MYLES: At your peak?
STEVE: Not peak. I guess a peak. It won't be the only peak, but yeah I think that will be cool. I'm looking forward to that period.
MYLES: This The Internet record is really interesting, because you, Matt and Syd all did your own solo things before coming back together. It sounds like there's a lot more freedom for all of you. Did you feel that?
STEVE: Yeah, definitely. Like finding your place, because with Ego Death, that was my first time in it – in this process. I didn't really know what capacity I would work on this record, I was just there. So, the growth from that is like... I'm in the band now. Before, I wasn't expecting to be recruited or anything, I was just there. Then I got recruited while working on the record, so now it's like I’m for sure in the band. They know what I do. So, it's kind of like we all know our places to stand in the line.
MYLES: And you got the Grammy nom’ too.
STEVE: Oh, yeah I did [laughs]. Forgot about all that shit.
MYLES: Are you still creating music on your iPhone? That's the legend around Steve Lacy.
STEVE: You know, that was all I had at that time. Thanks to the people, they paid for my laptop and other gear I use now. But sometimes if it's all I have, like yeah sure, I'll still do it. But it's not my primary way of
MYLES: We spoke earlier about how your sound is unique from Compton. But were there elements of L.A. rap that influenced you at all?
STEVE: Yeah I would say subconsciously, it's just ingrained in me. I didn't even have to necessarily listen to the Compton stuff. I heard it already, you know? I didn't have to listen on my own to want that realness, that grit. Seeing artists like YG and Kendrick, they influenced me a bit, yeah. Like I used to jerk to YG before “Toot It and Boot It” got on the radio. I remember all of that shit..
MYLES: Before it was hot?
STEVE: Yeah I was jerking to YG. I met him and I told him I used to you jerk to your shit, and he was like "Ayyy!"
MYLES: You were singing “Handgun” from the new album, Stay Dangerous, earlier. You into it?
STEVE: Love it. I'm just a fan of YG. I got a trap banger with YG that may never see the light of day.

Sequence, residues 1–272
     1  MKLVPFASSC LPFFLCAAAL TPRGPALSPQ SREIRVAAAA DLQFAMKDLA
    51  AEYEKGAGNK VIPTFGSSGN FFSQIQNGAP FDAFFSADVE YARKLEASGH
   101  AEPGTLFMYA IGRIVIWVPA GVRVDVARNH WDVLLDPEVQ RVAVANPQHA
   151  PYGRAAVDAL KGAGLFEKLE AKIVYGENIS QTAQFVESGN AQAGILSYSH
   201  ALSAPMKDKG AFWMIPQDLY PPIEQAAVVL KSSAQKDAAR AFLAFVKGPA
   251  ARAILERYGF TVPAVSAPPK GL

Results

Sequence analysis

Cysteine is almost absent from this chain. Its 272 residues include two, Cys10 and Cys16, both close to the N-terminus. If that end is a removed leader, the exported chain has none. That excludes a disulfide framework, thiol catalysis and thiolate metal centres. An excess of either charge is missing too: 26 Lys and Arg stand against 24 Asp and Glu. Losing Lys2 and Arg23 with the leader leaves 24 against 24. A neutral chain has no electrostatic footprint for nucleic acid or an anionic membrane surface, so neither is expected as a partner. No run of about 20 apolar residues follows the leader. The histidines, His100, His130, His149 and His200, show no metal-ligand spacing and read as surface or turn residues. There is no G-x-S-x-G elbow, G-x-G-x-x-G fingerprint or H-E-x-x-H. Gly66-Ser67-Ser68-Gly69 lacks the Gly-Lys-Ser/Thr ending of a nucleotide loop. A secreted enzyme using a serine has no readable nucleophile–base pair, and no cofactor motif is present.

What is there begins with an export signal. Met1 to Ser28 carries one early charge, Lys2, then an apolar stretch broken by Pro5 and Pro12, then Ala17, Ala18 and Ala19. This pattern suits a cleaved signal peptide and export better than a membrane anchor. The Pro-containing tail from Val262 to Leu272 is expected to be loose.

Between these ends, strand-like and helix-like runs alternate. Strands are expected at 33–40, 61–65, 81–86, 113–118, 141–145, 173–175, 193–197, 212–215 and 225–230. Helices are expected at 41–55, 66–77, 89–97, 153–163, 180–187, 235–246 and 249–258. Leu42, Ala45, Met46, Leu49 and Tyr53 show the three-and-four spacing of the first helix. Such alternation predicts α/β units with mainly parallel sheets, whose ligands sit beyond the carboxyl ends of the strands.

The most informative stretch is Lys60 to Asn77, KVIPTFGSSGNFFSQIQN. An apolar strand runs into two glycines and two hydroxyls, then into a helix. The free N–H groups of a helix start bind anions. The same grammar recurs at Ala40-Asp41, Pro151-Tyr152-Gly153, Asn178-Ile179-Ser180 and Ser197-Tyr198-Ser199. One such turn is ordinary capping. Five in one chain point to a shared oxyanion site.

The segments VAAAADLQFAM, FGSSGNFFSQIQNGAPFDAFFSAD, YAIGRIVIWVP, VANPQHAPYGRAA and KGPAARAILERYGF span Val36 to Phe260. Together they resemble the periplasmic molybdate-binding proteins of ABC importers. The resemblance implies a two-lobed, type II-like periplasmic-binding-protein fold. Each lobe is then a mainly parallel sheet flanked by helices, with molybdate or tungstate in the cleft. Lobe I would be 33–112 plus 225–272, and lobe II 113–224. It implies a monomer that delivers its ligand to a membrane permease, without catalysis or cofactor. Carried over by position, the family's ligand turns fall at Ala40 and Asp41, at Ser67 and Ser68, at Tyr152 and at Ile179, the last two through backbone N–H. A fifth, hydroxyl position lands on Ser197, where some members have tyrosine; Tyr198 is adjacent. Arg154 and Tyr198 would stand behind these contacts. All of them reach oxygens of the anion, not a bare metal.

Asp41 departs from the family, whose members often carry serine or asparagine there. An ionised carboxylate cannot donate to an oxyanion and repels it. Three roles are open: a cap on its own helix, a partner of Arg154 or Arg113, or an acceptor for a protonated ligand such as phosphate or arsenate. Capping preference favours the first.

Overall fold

MYLES: You produced it?
MYLES: Did you rap?
STEVE: Fuck no [laughs]. I mean I could, but people don't need to hear that.
MYLES: Stay Dangerous is pretty striking. He's going over some beats that seem out of leftfield for him.
S: Exactly. That's why I respect him so much. He's doing something completely out of what he's known for... Compton, it births some greats. I don't have to worry about putting Compton on the map.
MYLES: Do you feel some desire to want to be one of those greats?
STEVE: Nah. I just don't hope for anything. I just want to be. So if they make me that, then fine, but I won't reach for that. I'll just be me. Maybe it's just me being biased because I live here, but I think the people who are from LA kind of create their own worlds. People from other places do too, actually, so maybe that's not that's accurate [laughs]. I’m just thinking.
MYLES: What's on your mind?
STEVE: I just love Topanga. I want to raise my kids here. I'm working for some land in this bitch. When I saw a black woman lived here, I'm like, ‘wow, you're tight as fuck.’ I didn't know there was black people in Topanga. It’s expensive. I want to live here. It’s gonna take some years; I've got to get my money up. I've got enough to move out right now. But I don't know...
MYLES: Think that’ll be difficult for your mom?
STEVE: Maybe. I think she'll be happy. But I'll still be over there, because I love my mom, and shit, and I think it'll make us closer, for sure.
MYLES: Do you ever think about where you'll be in five years from now? Ten years from now?
STEVE: I don't think that far ahead. I just want to be present at all times. Those questions are always hard for me, because... I don't know. Why predict the future?